Decades ago they witnessed nuclear weapons tests in the South Pacific. Now some veterans hope new DNA testing will prove it was responsible for their subsequent ill health, which they say ruined their lives.
"It was awe-inspiring, like another sun hanging in the sky. The blast bowled people over. A few men were on the ground screaming."
Bob Fleming was wearing a T-shirt, khaki shorts and flip flops when the bomb went off.
At just 24, he had just witnessed one of the most powerful weapons on earth detonate on Christmas Island in the Pacific Ocean.
It was 1956 and the Cold War threat was growing.
The RAF serviceman was one of around 22,000 British service personnel who witnessed nuclear weapons tests on mainland Australia, the Montebello Islands off Western Australia and Christmas Island in the South Pacific between 1952 and 1958.
With their backs to the bomb, they felt the intense heat from the explosion first.
Then, after the countdown, they were ordered to turn round and look directly at the huge mushroom cloud in front of them.
"We had no protective clothing," said Bob, who's from Downham Market in Norfolk.
"We were guinea pigs. It was so bright I could see the bones in my hands with my eyes closed. It was like an X-ray."
The veterans say the nuclear tests ruined their lives, causing cancers, fertility problems and birth defects passed down the generations.
Now 83, the great-grandfather believes that three generations of his family are living with the "genetic curse" of those explosions. Sixteen out of 21 of his descendants have had birth defects or health problems.
His youngest daughter, Susanne Ward, has thyroid problems and severe breathing difficulties, and her teeth fell out prematurely.
"It just gets worse as the next generation comes along. Our grandchildren have similar problems," Suzanne said.
"My dad blames himself, but it isn't his fault."
The Fleming family now hope new DNA testing could end decades of uncertainty.
Last week, the UK's first Centre for Health Effects of Radiological and Chemical Agents was launched at Brunel University in London.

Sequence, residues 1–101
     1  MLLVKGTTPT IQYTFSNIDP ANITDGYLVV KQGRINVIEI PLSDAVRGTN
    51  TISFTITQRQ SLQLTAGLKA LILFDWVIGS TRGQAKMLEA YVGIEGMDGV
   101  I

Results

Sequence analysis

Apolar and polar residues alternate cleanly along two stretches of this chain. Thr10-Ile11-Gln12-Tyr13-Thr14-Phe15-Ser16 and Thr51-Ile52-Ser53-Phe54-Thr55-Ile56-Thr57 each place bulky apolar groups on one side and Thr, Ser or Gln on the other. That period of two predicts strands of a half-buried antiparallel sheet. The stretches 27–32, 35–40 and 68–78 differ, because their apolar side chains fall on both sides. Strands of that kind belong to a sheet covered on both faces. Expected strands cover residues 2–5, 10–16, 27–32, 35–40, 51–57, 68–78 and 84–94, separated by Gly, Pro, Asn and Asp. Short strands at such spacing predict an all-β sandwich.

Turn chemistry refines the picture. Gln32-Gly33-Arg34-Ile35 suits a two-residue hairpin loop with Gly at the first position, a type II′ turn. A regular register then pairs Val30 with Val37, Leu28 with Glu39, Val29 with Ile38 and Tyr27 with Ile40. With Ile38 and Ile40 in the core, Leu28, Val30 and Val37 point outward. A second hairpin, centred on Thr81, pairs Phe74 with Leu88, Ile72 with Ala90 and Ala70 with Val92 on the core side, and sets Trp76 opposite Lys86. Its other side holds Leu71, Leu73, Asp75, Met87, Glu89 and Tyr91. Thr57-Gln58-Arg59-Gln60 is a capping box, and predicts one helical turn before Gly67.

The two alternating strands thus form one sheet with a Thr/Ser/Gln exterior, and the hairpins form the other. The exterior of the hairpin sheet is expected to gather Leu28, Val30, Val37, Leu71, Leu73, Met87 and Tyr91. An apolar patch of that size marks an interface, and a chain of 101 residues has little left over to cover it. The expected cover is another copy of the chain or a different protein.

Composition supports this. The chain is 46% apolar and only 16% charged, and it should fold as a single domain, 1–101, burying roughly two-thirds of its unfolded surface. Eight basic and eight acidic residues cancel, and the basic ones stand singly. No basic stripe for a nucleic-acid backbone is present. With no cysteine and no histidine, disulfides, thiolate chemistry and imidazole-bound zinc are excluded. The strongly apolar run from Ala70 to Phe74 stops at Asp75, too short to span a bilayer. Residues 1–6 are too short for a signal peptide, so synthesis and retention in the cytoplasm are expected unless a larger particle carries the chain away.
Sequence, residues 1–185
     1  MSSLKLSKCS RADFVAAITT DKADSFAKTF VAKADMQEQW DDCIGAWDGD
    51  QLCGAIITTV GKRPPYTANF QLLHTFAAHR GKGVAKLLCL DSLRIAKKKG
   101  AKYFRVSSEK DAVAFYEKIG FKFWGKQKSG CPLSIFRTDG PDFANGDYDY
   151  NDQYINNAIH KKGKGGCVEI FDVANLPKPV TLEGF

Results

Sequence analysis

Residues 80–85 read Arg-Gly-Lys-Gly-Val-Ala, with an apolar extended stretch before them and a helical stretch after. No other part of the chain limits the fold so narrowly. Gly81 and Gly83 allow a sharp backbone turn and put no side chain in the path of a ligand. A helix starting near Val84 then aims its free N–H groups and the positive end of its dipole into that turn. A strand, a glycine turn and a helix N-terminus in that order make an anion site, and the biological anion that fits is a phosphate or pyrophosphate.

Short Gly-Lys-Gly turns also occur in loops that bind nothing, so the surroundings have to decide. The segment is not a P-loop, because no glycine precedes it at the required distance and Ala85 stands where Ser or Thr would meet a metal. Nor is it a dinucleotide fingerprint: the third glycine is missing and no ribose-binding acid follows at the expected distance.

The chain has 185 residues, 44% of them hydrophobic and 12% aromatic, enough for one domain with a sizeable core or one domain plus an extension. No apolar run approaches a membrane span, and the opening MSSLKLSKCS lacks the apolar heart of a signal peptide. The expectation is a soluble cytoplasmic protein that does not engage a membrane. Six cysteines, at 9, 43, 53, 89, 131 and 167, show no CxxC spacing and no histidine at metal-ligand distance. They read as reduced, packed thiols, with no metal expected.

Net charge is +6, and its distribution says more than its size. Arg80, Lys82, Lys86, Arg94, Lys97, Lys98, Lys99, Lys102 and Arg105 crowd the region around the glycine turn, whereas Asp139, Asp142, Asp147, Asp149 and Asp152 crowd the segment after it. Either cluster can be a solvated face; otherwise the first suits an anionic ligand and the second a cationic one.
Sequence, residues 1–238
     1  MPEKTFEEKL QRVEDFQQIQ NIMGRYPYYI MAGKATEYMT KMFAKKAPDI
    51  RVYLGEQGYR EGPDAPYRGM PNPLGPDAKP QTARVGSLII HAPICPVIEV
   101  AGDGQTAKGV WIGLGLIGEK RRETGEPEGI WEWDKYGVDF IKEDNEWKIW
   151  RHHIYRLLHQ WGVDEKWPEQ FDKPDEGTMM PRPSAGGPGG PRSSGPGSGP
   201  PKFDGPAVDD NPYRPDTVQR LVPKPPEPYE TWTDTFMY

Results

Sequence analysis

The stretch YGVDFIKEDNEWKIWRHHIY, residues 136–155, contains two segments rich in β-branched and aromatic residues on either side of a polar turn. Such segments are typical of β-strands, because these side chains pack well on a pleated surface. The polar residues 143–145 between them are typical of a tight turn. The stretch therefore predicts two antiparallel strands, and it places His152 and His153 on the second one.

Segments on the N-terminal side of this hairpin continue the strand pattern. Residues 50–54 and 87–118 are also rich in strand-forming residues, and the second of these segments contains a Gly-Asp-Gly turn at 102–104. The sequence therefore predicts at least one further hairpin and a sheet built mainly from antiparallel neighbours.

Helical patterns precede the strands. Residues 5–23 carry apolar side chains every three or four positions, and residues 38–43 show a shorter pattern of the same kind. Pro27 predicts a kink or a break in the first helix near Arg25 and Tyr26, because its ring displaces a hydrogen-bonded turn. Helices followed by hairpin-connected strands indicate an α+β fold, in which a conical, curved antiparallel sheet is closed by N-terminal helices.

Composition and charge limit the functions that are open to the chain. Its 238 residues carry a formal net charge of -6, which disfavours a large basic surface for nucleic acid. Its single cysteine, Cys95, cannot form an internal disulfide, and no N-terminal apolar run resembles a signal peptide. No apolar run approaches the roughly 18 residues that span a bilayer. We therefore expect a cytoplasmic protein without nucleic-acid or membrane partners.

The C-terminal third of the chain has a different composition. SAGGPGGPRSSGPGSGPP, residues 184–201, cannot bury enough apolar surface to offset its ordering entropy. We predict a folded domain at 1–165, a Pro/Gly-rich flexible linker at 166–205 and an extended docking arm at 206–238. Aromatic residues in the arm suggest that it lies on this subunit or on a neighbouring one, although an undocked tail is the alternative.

One of its projects is a three-year genetic study looking for any possible damage to the veterans' DNA caused by the tests.
Blood samples will be taken from 50 veterans who were stationed at nuclear test sites, and compared with a control group of 50 veterans who served elsewhere.
Blood will also be taken from their wives and any children they have together.
Dr Rhona Anderson, who is leading the study, said a major question to answer is whether "there is a genetic legacy of taking part at these nuclear tests".
"If no differences (in the DNA) are seen between test and control groups then this will be reassuring for the nuclear community."
'No valid evidence link'
Fewer than 3,000 nuclear veterans are still alive today.
They cannot volunteer for the study, as that might lead to bias in the results.
Veterans will be selected using military service records and information available about those who were most at risk of exposure to radiation.
The Ministry of Defence says it is grateful to Britain's nuclear test veterans for their service, but maintains there is no valid evidence to link participation in these tests to ill health.
The UK is the only nuclear power to deny special recognition and compensation to its bomb test veterans.
The veterans took their case for compensation to the highest court in the land and lost in 2012.
The Supreme Court Justices said the veterans would face great difficulty proving a link between their illnesses and the tests.
In 2015 the Aged Veterans' Fund was set up by the government using bank industry fines. It will help to fund a series of social and scientific projects.
Doug Hern, who's 81, and his wife Sandie, from Lincolnshire have been campaigning tirelessly for years.
When Doug was 21 he saw five nuclear explosions on Christmas Island and has suffered ill health ever since.
He said his skeleton is "crumbling". He has skin problems and bone spurs.
His daughter died, aged 13, from a cancer so rare it did not have a name. He believes this was a consequence of her inheriting his "corrupted genes".
Sandie Hern is vice-chair of the British Nuclear Test Veterans' Association (BNTVA)
"The veterans have been treated abominably. They've been forgotten. We need this research to see if anything can be done to help their children," she said.
The overall aim of the new centre at Brunel is to work closely with the veteran community to improve their health and well-being in the future.
After years of personal suffering, the Flemings want to have their DNA tested and are waiting to hear if they have been selected.
Six decades on, nuclear families are still living in the aftermath of the bomb tests, and searching for answers.